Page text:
The argument runs as follows. In the 1950s the West was going well. But a group of European Marxists (the Frankfurt School) had developed a new strategy. Instead of relying on a class war to win power they would instead begin a long march through the institutions. The 60s student rebellion gave these cultural Marxists their opportunity and they began to win influence in the institutions. This has then led to Western decline.
This theory of decline does have its merits. It refers to something real that did have seriously negative consequences in the West. It's worth understanding the particular theories generated by the Frankfurt School and how they influenced university life in particular from the 1960s onward.
But there are problems with the theory as well. And a major problem is the timing. The theory suggests that things were basically OK in the West until the 1960s. I don't think that's true and I'll give just one bit of evidence for that in a moment. Apart from this, the theory also suggests that the liberalism which dominated the West up to the 60s was also OK and that it was only when Cultural Marxists subverted this liberalism that things went wrong. That seems to me to let Western liberals off the hook and to discourage the kind of rethinking of liberal orthodoxy that needs to take place.
So what is some evidence that things were going seriously wrong before the 1960s? In 1941, when the Axis powers were triumphant in Europe, there was a conference of liberal Anglicans in Malvern, England. Led by the Archbishop of York and 23 bishops, these Anglicans wanted to lead "the ordering of the new society" which they were sure would emerge following the war.
How did they envisage this new society? Most notably, they were keen to build a European Union:
After the war our aim must be the unification of Europe as a cooperative commonwealth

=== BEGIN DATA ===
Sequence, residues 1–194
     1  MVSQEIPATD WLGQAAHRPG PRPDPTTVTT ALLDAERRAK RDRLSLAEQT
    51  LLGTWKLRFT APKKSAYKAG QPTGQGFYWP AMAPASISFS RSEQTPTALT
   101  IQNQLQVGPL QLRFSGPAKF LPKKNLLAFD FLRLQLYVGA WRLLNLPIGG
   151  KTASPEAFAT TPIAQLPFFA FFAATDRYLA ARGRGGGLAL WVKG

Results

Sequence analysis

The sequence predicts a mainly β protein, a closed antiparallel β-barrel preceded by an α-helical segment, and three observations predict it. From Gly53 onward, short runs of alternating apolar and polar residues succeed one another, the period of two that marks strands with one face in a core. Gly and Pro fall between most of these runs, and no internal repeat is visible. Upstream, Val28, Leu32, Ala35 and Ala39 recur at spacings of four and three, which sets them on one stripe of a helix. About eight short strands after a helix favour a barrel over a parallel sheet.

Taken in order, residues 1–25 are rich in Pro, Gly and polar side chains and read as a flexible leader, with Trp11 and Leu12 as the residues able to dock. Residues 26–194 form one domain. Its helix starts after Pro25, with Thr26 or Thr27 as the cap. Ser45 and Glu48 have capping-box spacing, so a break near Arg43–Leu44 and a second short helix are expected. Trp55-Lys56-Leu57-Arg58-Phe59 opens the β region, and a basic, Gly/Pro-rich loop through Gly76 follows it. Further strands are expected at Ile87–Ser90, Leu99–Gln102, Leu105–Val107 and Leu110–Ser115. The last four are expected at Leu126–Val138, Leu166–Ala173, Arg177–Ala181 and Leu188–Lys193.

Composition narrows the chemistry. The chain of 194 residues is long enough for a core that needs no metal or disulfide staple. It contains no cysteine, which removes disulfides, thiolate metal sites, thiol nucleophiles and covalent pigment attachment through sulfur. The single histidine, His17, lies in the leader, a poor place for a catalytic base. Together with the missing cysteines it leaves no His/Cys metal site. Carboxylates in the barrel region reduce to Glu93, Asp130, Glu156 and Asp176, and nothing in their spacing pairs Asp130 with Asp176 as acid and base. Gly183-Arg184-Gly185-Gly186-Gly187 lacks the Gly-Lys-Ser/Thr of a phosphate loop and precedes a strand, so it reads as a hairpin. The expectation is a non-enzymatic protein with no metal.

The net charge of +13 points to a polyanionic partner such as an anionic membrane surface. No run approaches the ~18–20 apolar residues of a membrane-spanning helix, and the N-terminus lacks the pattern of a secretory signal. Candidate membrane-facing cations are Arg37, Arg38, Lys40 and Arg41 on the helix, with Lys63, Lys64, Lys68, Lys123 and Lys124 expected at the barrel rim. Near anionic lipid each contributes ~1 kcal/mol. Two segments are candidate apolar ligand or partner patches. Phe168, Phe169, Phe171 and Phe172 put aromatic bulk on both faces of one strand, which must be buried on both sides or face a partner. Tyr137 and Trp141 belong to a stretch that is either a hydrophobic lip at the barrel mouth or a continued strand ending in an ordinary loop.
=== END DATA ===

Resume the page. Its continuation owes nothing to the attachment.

There were also debates about dropping the importance of the mass in favour of social activism and of switching from private ownership of property. But what is really noteworthy are the speeches about how the old order must be swept away in favour of a completely new society - and this new society was envisaged in modern liberal terms.
Anyway, in 1942 an even more significant conference took place of American Protestant church leaders. This occurred in March around the time that the Japanese were invading Java (in other words, when the Axis powers were still predominant). 375 representatives of 30 denominations met together at Ohio Wesleyan University. What did they decide?
It was their view that the U.S. should lead the way in creating an international system of government. Here are some of the post-war policies they favoured:
- Worldwide freedom of immigration
- A world government of delegated powers
- Elimination of all tariff and quota restrictions on world trade
- International control of all armies and navies
The ultimate aim to be achieved was the following:
a duly constituted world government of delegated powers; an international legislative body, an international court with adequate jurisdiction, international administrative bodies with necessary powers, and adequate international police forces and provision for enforcing its worldwide economic authority.
So the question to be asked is this: did the churches really need to marched through and captured by cultural Marxists? Or had they already reached a point of post-nationalism under the influence of liberalism as early as the 1940s?
I think it's clear that the rot had already set in. Liberalism had already done the job by the 1940s - there was no need for the cultural Marxism of the 1960s to swing the churches.